Living Standards Rise Faster than Official Estimates
"Between 1890 and 1940 the average work week fell by 20 hours and retirement rates of men older than 64 rose by almost 30 percentage points."
"In 1972-91, living standards were rising twice as fast as conventionally measured... the primary beneficiaries of these newly measured gains were lower income households."
Measuring living standards is difficult for economists. The usual method is to look at the evolution over time of per capita real income ( income adjusted for inflation.) But "real income is an imperfect measure of trends in living standards," cautions NBER Faculty Research Fellow Dora Costa. One reason is that the Consumer Price Index (CPI) that is used to adjust for inflation overstates the rise in prices. More importantly, "real income does not account for such goods as health that are not purchased in the marketplace, for quality changes, for revolutionary technological change, and for increases in leisure," Costa maintains.
An alternative technique for measuring living standards is to examine spending on recreation. This technique assumes that, after providing for food, clothing, shelter, and other necessities of life, people will use some of whatever income is left over on purchasing recreation. As the proportion of income needed to meet necessities declines, people will have more money for vacations, radios, TVs, CDs, and other recreational goods and activities that strike their fancy. Rising recreational expenditures -- "the quintessential luxury goods" -- are seen as an indication of rising living standards.
In American Living Standards: Evidence From Recreational Expenditures (NBER Working Paper No. 7148), Costa uses consumer expenditure survey data from 1888-90, 1917-19, 1935-6, 1972-3, and 1991 to determine whether trends in real income per capita are consistent with trends in recreational budget shares. She also looks at trends in inequality in recreational spending for those up and down the income ladder. She finds that changes in real total expenditures per capita are likely to underestimate the increase in living standards, particularly during times of innovation in consumer goods and reductions in working hours, such as the 1920s, the 1970s, and the1980s. In the late 1880s, less than 2 percent of household spending was devoted to recreation; by the mid-1930s, recreation's share had risen to 4 percent, and by 1991 to 6 percent.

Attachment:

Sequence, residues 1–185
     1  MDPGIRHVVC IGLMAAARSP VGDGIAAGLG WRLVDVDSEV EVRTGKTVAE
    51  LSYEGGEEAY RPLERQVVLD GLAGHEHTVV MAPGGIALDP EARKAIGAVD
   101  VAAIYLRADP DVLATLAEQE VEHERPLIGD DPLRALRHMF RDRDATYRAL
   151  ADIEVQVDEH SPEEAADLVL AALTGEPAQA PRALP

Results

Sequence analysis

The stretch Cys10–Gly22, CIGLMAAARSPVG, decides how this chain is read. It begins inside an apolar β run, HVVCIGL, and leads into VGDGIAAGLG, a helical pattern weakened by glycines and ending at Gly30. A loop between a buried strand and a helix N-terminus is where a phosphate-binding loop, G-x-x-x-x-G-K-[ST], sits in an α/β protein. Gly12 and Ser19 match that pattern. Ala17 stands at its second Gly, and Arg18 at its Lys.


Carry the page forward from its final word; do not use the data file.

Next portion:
Recreational expenditures also tend to rise with income levels. Richer households spend proportionately more on luxuries, including recreation. At the start of this century, pleasure spending was considered a luxury that could not be afforded by low-income households. But by the mid-1930s, low cost recreational activities, such as motoring, movies, and the radio had already spread among the people, especially for those who had jobs.
The government also invested heavily in recreational facilities. The number of public swimming pools more than tripled and the number of baseball diamonds more than doubled between 1921 and 1930 alone. There were more parks. And, listening to the radio was a favorite activity of all classes in the 1930s. Today the popular medium is television.
Hours of work also have declined over the decades. Between 1890 and 1940 the average work week fell by 20 hours and retirement rates of men older than 64 rose by almost 30 percentage points. This decline in hours, the spending on recreation suggests, was especially the case for lower income workers. They worked 11-hour days in the 1890s, while the well-to-do worked nine hours. After 1940, paid vacations, holidays, sick days, and personal leave increased; retirement rates continued to rise. But the length of the average work week remained unchanged.
Costa notes that real total expenditures per capita fell by 1.2 percent per year between 1919 and 1935 and rose by 1.8 percent per year between 1972 and 1991. In contrast, trends in the recreational expenditure share of total spending imply that between 1919 and 1935, real per capita total expenditures actually rose by 1.2 percent per year, and between 1972 and 1991 by 3.6 percent per year. So the conventional measures of real per capita total expenditures -- used as an indicator of living standards -- may be biased downward by 2.4 percentage points per year between 1919 and 1935 and 1.8 percentage points per year between 1972 and 1991. Even in the period that includes the Great Depression, living standards rose by this measure, at least for those with jobs.
"It may therefore be time to reassess the 1920s and 1930s," writes Costa. "Changes in the consumption bundle of households and declines in inequality in recreation suggest that improvements in living standards may have been much more rapid, particularly among lower income households, than suggested by income measures alone. These gains may have been so large that even the income declines of Great Depression were not enough to reverse them."
Further, in 1972-91, living standards were rising twice as fast as conventionally measured. Costa also finds that the primary beneficiaries of these newly measured gains in per capita total expenditures in both these periods were lower income households.
-- David R. Francis
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